Feedback is being sought on proposed new guidance for prosecutors, concerning scenarios where a mental health disorder might negate allegations of intent or recklessness.
People with certain mental health conditions may become less likely to face prosecution under planned changes to the legal guidance issued to the Crown Prosecution Service (CPS).
A public consultation on the proposed changes has opened and feedback can be shared up until June 4.
The CPS wants to ensure that prosecutors are given optimal assistance when taking the decision to prosecute in such cases and when they prosecute them in court.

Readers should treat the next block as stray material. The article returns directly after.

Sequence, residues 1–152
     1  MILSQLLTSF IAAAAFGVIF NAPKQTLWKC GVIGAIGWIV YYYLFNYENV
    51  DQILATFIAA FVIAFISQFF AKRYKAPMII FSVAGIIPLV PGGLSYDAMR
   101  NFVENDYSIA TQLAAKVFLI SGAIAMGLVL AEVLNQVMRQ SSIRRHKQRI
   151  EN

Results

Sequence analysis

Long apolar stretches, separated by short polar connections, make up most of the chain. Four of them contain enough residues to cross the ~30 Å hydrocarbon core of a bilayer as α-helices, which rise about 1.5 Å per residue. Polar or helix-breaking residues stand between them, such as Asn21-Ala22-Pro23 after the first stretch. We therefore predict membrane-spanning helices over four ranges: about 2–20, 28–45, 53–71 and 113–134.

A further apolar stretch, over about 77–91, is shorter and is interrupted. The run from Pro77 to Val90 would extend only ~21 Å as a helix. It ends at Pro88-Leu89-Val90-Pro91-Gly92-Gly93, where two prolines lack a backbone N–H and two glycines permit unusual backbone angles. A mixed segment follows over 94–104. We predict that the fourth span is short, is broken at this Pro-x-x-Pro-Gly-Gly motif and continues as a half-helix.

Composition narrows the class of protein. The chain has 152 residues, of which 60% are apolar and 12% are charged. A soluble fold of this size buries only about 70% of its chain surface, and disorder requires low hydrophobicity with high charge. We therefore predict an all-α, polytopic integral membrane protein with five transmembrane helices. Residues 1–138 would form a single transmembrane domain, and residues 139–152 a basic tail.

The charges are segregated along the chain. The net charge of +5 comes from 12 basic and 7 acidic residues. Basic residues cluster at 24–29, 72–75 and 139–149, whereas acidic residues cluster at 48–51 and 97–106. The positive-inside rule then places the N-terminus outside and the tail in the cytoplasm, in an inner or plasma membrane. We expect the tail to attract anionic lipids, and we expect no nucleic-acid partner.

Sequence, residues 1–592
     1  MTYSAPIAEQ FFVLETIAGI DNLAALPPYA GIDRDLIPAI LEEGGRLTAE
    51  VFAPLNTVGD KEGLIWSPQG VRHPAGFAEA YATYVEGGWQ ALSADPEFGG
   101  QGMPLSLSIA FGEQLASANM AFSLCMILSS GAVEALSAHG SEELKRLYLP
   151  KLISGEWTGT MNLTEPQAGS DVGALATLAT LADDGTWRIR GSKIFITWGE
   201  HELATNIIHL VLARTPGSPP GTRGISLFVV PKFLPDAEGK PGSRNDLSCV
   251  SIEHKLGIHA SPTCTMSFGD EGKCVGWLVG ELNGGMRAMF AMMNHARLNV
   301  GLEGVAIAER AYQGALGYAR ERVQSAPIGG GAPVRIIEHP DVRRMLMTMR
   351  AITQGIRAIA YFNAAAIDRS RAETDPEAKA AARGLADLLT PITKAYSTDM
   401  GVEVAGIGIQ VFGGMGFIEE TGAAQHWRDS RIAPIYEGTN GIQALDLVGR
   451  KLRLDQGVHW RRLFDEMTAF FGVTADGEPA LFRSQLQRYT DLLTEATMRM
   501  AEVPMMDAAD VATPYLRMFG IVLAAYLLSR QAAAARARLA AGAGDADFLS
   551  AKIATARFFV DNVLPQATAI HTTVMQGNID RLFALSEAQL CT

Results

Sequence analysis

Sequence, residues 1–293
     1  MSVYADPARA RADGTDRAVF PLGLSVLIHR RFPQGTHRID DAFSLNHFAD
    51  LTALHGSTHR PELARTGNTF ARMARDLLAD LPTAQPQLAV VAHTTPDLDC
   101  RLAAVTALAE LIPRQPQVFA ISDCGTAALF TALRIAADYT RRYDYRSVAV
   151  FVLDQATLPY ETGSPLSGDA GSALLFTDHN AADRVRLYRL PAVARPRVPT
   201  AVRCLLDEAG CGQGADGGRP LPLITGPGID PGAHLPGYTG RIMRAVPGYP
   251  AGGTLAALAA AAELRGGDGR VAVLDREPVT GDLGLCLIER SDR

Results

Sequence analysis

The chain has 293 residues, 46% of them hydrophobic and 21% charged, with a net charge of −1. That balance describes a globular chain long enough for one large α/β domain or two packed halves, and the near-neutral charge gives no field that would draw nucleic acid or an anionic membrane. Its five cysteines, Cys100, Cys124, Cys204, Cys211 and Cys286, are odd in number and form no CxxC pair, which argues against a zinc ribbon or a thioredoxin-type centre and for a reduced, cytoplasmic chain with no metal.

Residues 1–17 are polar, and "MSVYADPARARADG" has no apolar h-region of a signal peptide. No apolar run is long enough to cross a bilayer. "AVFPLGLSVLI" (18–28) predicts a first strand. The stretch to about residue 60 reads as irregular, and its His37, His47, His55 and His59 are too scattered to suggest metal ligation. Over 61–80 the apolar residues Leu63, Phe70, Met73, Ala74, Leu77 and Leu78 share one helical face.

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The changes could see the legal system better reflect the Equality Act and the United Nations' convention on the rights of disabled people.
The section on fitness to plead has been expanded and there is additional guidance for prosecutors in circumstances where the suspect’s mental health means that a nominal penalty is the likely outcome.
The consultation is seeking views on four main areas of the proposed revisions to the guidance:
- Information prosecutors need about each mental health condition or disorder
- Appropriate public interest factors
- Appropriate factors when considering diversion from prosecution
- Whether the “fitness to plead” procedure is set out clearly and accurately